categories: leadership
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June 3rd, 2008

by Craig Groeschel

25 comments (+ Add)

Breaking Barriers - 2

My wife and I always heard that when you go from two children to three, everything changes. (You move from man-to-man defense into zone.) Raising three children (or six in our case) is much different than raising two. It takes a different mindset. Our schedules are different. Our interaction is different. A lot is different.

If your church is going to grow from:

70 to 120
180 to 250
400 to 700
1,200 to 1,800
2,500 to 6,000
7,000 to 20,000
25,000 to 100,000

You are going to have to change your mindset. Much of what you are doing now won’t work later. Some things that will be different:

  • Your relationship with staff and church members
  • Your meetings, organizational structure, policies, and financial management
  • Your schedule
  • Your inward comfort or discomfort
  • Your style of leadership
  • Your means of communication
  • Your family

If you are unwilling to change and grow, your organization will not likely follow.

Your assignment:

  • Find someone who is where you want to be and learn from them. Don’t just try to learn what they do, but learn how they think.
  • And pray like you’ve never prayed before that God will grow you as a leader.

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Comments

there are a total of25
  1. Jun 3, 2008 at 6:47 am

    Thanks Craig for this series of posts - great reminders of things I need to work on. Two quick thoughts:

    - These truths are hard to face. Talking about them out of context makes them easy to brush off, but every leader will come to a season in their life where they are forced to face them if they have not been strategically addressed yet.

    - Attending life church, and serving on the Life team for a short time, I’ve seen you live these out. It is powerful to have your example driving these thoughts and I would love to hear more about some of the critical moments you faced in these different areas.

  2. Jun 3, 2008 at 7:08 am

    [...] Groeschel talks about breaking barriers. Great, great stuff for each of [...]

  3. Jun 3, 2008 at 7:11 am

    I found a paper by Tim Kelly called Process-Managing – Church Size. (http://www.churchplantingresources.com/administration-2/) It does an incredible job of describing the necessary changes your church must consider when reaching new attendance levels. I’ve seen it proven true in many ways including in our ministry. If you are interested in this thread that article is a necessity.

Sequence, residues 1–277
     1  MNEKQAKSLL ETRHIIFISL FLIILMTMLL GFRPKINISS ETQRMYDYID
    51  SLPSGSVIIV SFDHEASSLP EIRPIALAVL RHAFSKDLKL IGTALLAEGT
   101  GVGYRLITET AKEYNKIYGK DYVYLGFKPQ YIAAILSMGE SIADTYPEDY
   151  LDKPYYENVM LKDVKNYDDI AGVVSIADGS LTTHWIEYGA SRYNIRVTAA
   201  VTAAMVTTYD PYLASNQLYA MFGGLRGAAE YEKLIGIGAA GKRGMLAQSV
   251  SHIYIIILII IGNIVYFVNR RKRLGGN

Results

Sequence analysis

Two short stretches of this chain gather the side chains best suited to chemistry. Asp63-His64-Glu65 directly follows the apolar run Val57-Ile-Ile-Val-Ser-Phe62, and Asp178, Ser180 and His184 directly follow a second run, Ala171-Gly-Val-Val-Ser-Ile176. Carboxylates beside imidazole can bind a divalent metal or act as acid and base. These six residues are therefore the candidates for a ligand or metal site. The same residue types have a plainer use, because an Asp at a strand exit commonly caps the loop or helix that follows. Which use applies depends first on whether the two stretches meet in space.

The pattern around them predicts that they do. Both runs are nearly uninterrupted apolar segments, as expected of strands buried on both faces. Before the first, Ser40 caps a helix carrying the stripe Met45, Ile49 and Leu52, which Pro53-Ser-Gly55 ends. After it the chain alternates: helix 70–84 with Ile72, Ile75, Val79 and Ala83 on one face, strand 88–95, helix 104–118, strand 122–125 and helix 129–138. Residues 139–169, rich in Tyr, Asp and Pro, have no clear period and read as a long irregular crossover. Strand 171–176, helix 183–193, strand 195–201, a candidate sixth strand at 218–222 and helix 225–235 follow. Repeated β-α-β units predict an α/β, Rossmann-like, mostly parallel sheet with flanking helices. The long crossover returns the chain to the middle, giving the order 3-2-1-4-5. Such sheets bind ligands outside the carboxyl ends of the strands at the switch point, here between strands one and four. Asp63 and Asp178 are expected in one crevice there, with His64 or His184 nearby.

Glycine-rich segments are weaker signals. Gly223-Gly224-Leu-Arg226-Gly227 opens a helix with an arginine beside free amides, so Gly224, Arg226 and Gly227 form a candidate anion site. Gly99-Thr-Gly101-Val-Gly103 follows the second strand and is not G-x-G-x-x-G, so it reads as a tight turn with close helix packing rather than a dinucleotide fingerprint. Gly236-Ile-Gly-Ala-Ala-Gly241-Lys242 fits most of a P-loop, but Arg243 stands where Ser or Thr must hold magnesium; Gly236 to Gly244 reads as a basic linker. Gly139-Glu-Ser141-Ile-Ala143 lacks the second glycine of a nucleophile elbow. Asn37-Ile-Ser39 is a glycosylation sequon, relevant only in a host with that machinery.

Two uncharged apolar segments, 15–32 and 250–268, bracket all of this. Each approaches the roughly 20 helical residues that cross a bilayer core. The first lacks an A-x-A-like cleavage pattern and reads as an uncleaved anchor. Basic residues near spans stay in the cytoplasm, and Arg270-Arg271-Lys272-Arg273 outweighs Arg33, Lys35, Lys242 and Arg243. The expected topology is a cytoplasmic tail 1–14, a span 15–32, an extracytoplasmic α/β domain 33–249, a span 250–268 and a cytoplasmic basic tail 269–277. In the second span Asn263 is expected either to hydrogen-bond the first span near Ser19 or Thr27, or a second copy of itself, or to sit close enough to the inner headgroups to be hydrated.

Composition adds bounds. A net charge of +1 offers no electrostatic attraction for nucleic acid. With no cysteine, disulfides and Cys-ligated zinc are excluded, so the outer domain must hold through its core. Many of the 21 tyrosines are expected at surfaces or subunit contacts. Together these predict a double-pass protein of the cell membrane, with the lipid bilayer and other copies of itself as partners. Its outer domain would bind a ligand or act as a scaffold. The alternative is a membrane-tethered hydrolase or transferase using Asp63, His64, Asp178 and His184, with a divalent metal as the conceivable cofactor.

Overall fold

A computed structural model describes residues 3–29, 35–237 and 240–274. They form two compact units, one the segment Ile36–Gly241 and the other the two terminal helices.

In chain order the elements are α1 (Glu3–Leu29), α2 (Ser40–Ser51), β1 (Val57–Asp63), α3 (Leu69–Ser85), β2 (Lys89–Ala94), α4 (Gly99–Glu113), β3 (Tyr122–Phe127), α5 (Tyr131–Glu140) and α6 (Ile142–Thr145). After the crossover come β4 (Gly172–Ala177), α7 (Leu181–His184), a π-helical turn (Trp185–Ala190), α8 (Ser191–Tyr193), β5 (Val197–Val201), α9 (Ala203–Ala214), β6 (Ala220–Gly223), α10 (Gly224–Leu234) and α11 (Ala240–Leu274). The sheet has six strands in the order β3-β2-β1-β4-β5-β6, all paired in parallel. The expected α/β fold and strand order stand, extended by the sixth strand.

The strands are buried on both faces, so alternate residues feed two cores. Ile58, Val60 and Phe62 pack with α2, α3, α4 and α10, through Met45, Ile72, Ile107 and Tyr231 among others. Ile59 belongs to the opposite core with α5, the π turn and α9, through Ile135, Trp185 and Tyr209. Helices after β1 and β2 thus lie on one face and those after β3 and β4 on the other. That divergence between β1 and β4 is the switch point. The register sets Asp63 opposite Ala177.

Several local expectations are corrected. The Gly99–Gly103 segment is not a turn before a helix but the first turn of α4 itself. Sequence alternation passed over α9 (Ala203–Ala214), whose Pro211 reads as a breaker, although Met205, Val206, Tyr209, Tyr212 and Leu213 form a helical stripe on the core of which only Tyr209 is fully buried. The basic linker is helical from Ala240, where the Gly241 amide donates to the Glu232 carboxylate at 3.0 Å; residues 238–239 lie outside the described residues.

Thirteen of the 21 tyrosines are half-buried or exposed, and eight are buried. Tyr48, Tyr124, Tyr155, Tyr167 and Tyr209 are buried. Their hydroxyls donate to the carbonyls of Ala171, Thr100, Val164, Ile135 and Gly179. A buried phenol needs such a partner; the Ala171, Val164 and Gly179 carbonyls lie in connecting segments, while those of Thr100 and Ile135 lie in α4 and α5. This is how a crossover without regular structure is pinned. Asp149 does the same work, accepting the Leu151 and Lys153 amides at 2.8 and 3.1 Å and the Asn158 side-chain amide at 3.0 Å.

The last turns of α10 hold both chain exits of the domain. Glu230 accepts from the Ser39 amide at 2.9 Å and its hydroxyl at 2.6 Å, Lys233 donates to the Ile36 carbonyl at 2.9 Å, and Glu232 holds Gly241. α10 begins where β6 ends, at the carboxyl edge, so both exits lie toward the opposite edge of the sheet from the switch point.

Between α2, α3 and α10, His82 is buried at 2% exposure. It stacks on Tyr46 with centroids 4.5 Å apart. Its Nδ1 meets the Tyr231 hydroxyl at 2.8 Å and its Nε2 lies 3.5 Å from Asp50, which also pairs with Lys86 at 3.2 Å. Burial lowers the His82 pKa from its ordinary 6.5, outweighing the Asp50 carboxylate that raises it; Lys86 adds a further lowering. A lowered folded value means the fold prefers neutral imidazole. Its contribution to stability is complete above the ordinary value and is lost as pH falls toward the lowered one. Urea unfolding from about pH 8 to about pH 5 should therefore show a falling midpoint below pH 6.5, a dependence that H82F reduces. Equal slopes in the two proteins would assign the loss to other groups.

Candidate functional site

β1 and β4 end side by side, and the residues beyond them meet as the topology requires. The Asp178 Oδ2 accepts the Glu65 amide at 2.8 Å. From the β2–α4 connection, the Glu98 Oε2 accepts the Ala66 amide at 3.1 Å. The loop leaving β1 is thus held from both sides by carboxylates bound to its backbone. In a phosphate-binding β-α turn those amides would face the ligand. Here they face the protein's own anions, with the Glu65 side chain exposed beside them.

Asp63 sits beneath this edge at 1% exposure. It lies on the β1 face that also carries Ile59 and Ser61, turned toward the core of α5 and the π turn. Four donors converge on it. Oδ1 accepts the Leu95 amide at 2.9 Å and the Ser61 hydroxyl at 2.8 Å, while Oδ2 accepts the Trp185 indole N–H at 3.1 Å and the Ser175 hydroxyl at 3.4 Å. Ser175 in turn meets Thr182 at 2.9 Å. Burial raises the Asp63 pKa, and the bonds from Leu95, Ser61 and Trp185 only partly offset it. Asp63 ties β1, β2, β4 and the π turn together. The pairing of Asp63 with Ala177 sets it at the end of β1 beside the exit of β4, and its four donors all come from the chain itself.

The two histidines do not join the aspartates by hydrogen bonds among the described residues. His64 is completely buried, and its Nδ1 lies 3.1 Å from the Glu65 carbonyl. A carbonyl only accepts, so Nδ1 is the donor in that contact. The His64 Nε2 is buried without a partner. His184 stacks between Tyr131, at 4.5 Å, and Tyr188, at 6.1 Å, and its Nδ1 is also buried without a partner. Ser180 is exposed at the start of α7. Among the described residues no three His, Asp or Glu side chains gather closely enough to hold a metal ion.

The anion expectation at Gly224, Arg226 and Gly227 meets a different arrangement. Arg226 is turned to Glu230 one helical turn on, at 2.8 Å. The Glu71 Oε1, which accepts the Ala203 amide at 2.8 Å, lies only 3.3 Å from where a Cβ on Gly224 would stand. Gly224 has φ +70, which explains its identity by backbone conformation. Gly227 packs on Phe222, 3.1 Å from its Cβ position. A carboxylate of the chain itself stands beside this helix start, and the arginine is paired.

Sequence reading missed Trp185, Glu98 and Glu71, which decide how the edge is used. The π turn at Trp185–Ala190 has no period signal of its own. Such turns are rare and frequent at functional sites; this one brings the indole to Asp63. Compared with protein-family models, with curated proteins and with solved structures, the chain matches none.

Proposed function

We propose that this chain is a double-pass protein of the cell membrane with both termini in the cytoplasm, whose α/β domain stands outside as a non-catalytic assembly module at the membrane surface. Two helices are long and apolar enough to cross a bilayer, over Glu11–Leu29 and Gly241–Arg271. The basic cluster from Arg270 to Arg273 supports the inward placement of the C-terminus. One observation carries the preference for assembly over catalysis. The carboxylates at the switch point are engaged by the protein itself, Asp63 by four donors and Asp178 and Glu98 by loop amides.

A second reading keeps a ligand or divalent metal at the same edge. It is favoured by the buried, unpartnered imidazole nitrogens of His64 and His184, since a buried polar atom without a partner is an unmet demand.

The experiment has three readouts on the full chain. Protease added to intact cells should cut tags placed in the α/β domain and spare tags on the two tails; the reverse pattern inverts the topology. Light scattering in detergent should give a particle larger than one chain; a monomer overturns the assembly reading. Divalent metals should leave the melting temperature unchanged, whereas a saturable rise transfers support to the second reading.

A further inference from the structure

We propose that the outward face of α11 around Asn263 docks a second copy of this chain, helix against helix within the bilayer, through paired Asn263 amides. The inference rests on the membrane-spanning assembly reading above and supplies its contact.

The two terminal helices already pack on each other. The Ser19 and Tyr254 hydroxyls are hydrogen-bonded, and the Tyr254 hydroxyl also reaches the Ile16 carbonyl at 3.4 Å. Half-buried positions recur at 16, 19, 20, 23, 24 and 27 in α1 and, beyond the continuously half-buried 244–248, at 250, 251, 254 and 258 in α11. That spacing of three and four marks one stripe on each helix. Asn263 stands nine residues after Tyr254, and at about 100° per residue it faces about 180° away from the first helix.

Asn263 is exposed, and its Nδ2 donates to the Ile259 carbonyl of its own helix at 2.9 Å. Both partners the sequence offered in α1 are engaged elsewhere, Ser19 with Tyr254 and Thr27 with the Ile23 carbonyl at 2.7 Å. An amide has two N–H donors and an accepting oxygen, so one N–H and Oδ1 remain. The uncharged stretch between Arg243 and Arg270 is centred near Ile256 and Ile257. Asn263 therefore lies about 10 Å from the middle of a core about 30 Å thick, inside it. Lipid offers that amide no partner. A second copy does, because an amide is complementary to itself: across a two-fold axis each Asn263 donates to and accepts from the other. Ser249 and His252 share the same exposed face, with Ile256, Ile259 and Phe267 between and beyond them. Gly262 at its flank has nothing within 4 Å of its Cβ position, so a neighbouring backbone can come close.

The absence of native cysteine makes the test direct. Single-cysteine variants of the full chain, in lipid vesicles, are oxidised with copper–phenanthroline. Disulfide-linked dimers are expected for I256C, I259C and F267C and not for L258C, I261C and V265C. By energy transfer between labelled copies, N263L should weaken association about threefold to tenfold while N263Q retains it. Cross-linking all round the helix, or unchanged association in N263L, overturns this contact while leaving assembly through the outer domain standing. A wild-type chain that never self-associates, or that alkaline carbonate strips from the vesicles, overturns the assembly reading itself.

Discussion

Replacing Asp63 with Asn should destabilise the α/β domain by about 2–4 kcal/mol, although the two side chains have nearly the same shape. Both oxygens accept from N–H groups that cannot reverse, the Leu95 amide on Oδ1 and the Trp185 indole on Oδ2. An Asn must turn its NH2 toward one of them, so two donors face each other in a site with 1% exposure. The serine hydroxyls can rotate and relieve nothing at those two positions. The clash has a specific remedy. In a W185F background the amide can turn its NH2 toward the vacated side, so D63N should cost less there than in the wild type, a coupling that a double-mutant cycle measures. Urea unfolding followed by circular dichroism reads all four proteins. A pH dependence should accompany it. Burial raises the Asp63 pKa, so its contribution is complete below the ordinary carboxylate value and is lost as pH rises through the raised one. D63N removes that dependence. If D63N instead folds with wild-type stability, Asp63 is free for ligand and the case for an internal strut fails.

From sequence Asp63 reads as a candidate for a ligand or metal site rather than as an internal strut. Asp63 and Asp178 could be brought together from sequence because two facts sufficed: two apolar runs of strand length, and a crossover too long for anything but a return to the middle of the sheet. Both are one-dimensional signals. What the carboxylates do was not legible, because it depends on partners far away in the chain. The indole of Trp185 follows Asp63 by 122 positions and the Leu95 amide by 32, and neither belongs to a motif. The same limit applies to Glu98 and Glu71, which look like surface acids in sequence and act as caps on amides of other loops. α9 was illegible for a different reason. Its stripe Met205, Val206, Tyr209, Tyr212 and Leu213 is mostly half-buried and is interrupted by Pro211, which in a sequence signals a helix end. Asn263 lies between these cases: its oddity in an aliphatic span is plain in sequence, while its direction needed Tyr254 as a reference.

4. Jun 3, 2008 at 7:22 am

    “Style of Leadership” is a big one. It’s the same for successful coaches; they don’t coach every team the same every season… You have to be willing to make adjustments.

  5. Jun 3, 2008 at 8:28 am

    Thanks for the post Craig! My personality is one that likes personal contact with people. I was raised in a “pastor generation” that did all kinds of personal stuff, i.e. visiting in homes, hospitals, nursing homes, etc. on a regular basis. I still do those things but by appointment (homes) and when needed (hospitals/nh). But this “inattention” is so different for me. It took a long time to get used to. But I also knew that it was holding the church back. My approach to this new work has been different and I feel a lot better about it. It definitely affects my style of leadership and also comfort/discomfort zone. Thanks again for the great post and reminder!

  6. Jun 3, 2008 at 8:37 am

    We, in the church that I am priviledged to be a part of, have started to think like others who are in the place that we want to be as an organization. This process has really helped us from making some mistakes and thinking down the right lanes to get us where we want to be.

  7. Jun 3, 2008 at 9:03 am

    Very well said. This is a humbling, sometimes painful, but ultimately true lesson that must be learned if we are to effectively grow in ministry. Thanks for the insightful post!

  8. Jun 3, 2008 at 9:25 am

    Craig won’t be available today to reply, so I’ll fill in for him.

    Steven, perhaps we can do a post or series of posts on those critical moments. Thanks for your observations!

    Travis, thanks for linking to Swerve! We are honored that you are sharing us with your readers.

    Robbie, thanks for the resource!

    Scott, the insight into coaching is interesting. Thanks for sharing it!

  9. Jun 3, 2008 at 9:34 am

    Bill, I’d be interested in your sharing the differences that your new approach has made on the ministry.

    Jim, what mistakes have you avoided? How did you learn to think like those other churches?

    Joseph, you’re right. Pain tolerance is crucial part of growth and ministry.

  10. 10Matt
    Jun 3, 2008 at 10:42 am

    Craig,

    I am loving this series again. It excited me to think about change bringing growth. But I have a question that maybe some of you can answer. What happens when it is not you that is in charge, but your leader needs to change to grow. What steps are made at that point?

  11. Jun 3, 2008 at 11:15 am

    I’m sure there are some people who have had to lead up like that. Can any of you help out Matt with his question?

  12. Jun 3, 2008 at 12:18 pm

    great topic! I am in Las Vegas and we are 20 weeks old. We are averaging 100-120. Anybody got any good advice on moving to the next barrier? I would love to talk!

  13. Jun 3, 2008 at 1:56 pm

    I read your post this morning and it has had me thinking all day. I’m lovin it. It got me thinking about something that I thought I would comment on. As I started thinking about the fact that I need to grow and change if I want my church to grow and change I began to think about what that looks like. Perhaps something like this: